Want to enable the root account on your Mac? You can, but the functionality is a little buried in System Preferences. Here’s how to find it.

If you’re the primary user of your Mac, odds are you use an administrator account. This grants a level of permission required to do things like install software and change system settings, but it doesn’t give you permission to access everything. You can’t make changes to other users’ files, for example, or even see most of them. A root account can access everything.

And there’s another reason to enable the root account: security. Last year researchers discovered a bug that let anyone become the root user, and while that’s patched now, creating a root account yourself prevents anything similar from happening in the future.

RELATED: How to Disable System Integrity Protection on a Mac (and Why You Shouldn't)

Only enable root if you have a specific reason to, however. The root user can access almost everything—at least, everything not protected by System Integrity Protection—which is a lot of power. Don’t create that power if you’ve no particular need to wield it, and under no circumstances should you use the root account for day-to-day computing.

Enable The Root Account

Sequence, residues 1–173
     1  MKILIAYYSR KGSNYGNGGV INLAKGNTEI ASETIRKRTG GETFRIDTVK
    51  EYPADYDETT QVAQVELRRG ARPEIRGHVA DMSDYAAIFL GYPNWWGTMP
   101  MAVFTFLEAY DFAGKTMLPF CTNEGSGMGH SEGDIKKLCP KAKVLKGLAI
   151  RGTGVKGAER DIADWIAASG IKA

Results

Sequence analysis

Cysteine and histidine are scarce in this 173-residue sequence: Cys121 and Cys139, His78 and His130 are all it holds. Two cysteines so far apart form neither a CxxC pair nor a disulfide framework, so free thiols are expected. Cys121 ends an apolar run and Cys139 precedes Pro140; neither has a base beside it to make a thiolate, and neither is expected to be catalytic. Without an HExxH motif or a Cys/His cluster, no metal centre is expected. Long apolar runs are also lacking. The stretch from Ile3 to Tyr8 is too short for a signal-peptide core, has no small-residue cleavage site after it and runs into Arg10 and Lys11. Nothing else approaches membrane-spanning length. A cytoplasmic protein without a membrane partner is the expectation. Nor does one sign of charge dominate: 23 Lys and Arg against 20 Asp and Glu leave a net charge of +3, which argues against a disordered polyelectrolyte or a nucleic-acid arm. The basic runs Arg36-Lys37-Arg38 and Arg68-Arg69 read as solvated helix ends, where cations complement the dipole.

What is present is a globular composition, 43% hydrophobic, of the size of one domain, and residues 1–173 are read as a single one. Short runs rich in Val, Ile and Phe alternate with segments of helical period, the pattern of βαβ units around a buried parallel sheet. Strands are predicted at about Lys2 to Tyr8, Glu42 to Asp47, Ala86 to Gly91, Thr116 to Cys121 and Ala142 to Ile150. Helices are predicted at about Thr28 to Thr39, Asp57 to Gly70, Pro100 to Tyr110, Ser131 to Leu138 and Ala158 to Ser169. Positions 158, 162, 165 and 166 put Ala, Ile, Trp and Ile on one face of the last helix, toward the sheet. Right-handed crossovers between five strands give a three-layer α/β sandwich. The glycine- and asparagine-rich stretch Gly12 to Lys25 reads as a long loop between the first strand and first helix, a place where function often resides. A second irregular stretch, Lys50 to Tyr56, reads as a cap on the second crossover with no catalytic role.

Open System Preferences, and then open the “Users & Groups” item.

In the “Users & Groups” window, click the lock at bottom left, enter your password, and then click the “Login Options” link just above the lock.

Next, click the “Join” button next to the “Network Account Server” entry.

In the popup window, click the “Open Directory Utility” button and yet another window will open.

In the “Directory Utility” window, click the lock at the bottom left again, and then enter your password (or use Touch ID).

In the menu bar, open the “Edit” menu, and then click the “Enable Root User” command.

You will be asked to create a new root password; make sure you create a strong one that you can remember.

Log In As root

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You’ve now created a root account, but how do you use it? By logging in as root. The login window, which you can access by logging out of your account or by using the fast user switching icon on your menu bar, will show a new “Other…” option. Go ahead and click that.

Type “root” as your username, and use the new password you created for root.

You will log into what appears to be a standard Mac user account, but do not use this as your main account: it has too much system access to be used securely.

Disable The Root Account, Or Change the Root Password

Done using the root account? You can disable it from the Directory Utility, which you can access as outlined above using System Preferences > Users & Groups > Login Options. From Directory Utility, click “Edit” in the menu bar and you’ll find the “Disable Root User” and “Change Root Password” commands.

And, though we’ve mentioned it a couple of times already, it bears repeating. While it may be tempting, don’t use root like a normal account. Login when you need heightened access, and then log back out afterward.

Profile Photo for Justin Pot Justin Pot
Justin Pot has been writing about technology for over a decade, with work appearing in Digital Trends, The Next Web, Lifehacker, MakeUseOf, and the Zapier Blog. He also runs the Hillsboro Signal, a volunteer-driven local news outlet he founded.
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